I did start producing beats early on but I soon saw that the speed at which I was writing would vastly outstrip how quickly I could produce a beat, and it would not be anywhere near the standard that I am able to get already made. I would love to work more closely with a producer though, to create music with much more variation and creativity than what I am currently confined to.
What are the main values you want to represent through your music?
I suppose it would be to be true to yourself, don’t follow the lead of others, try to connect with that inner voice and listen to what it has to say. Live life as deeply and mindfully as you can; try to be aware of this life you live; try to cherish these days and be grateful as hard as that sometimes is. I have terrible depressions and sometimes I feel as though I cannot go on; and those moments are where you have to seek out the beauty in this world; to find those incredible people or sights or ideas that excite you and make you want to carry on and keep exploring; keep on discovering!!!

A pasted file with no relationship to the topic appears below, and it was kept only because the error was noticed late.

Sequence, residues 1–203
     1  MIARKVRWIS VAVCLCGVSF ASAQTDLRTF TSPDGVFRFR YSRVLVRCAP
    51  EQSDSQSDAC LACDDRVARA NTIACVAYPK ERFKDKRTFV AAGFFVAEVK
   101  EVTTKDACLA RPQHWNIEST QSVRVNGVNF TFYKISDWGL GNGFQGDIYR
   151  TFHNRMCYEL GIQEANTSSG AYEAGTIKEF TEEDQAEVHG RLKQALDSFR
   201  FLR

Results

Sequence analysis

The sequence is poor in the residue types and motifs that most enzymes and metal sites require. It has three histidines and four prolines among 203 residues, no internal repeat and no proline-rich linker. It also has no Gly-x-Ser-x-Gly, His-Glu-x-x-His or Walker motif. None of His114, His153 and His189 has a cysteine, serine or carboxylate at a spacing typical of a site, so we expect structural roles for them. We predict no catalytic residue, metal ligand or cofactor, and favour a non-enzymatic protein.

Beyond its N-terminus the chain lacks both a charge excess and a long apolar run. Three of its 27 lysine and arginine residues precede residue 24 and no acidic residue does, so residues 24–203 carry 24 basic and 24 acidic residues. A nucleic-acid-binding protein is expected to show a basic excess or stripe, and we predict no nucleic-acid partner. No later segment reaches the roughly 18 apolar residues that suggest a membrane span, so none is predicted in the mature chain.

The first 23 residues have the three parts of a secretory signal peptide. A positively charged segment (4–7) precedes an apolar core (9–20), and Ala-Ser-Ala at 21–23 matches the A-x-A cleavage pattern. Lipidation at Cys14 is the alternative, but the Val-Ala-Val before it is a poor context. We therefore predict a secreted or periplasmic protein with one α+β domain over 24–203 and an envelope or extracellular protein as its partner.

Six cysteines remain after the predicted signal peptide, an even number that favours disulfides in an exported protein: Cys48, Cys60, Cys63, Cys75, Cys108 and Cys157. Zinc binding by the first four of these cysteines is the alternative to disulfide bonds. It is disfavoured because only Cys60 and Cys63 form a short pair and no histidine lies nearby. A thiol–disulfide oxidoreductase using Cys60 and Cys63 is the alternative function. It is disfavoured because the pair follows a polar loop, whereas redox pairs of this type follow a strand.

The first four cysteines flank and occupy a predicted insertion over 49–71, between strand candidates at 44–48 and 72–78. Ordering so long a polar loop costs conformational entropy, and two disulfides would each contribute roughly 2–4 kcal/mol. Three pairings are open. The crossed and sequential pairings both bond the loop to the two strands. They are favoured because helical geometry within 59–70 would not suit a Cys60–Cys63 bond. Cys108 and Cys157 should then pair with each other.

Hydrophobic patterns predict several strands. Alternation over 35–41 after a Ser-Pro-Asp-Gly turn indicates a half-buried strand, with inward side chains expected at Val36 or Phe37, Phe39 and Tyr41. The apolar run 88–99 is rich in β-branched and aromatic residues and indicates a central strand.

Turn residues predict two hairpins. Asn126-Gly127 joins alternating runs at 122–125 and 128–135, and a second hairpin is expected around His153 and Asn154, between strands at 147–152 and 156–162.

What’s your greatest aspiration as a rapper in 2020?
It would simply be to try and build a real audience who really care about and want to listen to what I am creating; that would be such a humbling feeling and I am so grateful to anyone who finds the time to listen and engage with what I am producing. You can be sure that I have put everything into the material, and have done the best I could, so it really does touch me and mean everything to me to find people willing to listen and to actually hear what I am trying to say, the story that I am trying to tell or the message or ideas I am trying to express. To build an active engaged audience would be everything; what more could someone want than that?
What’s the best piece of advice you were ever given as an artist?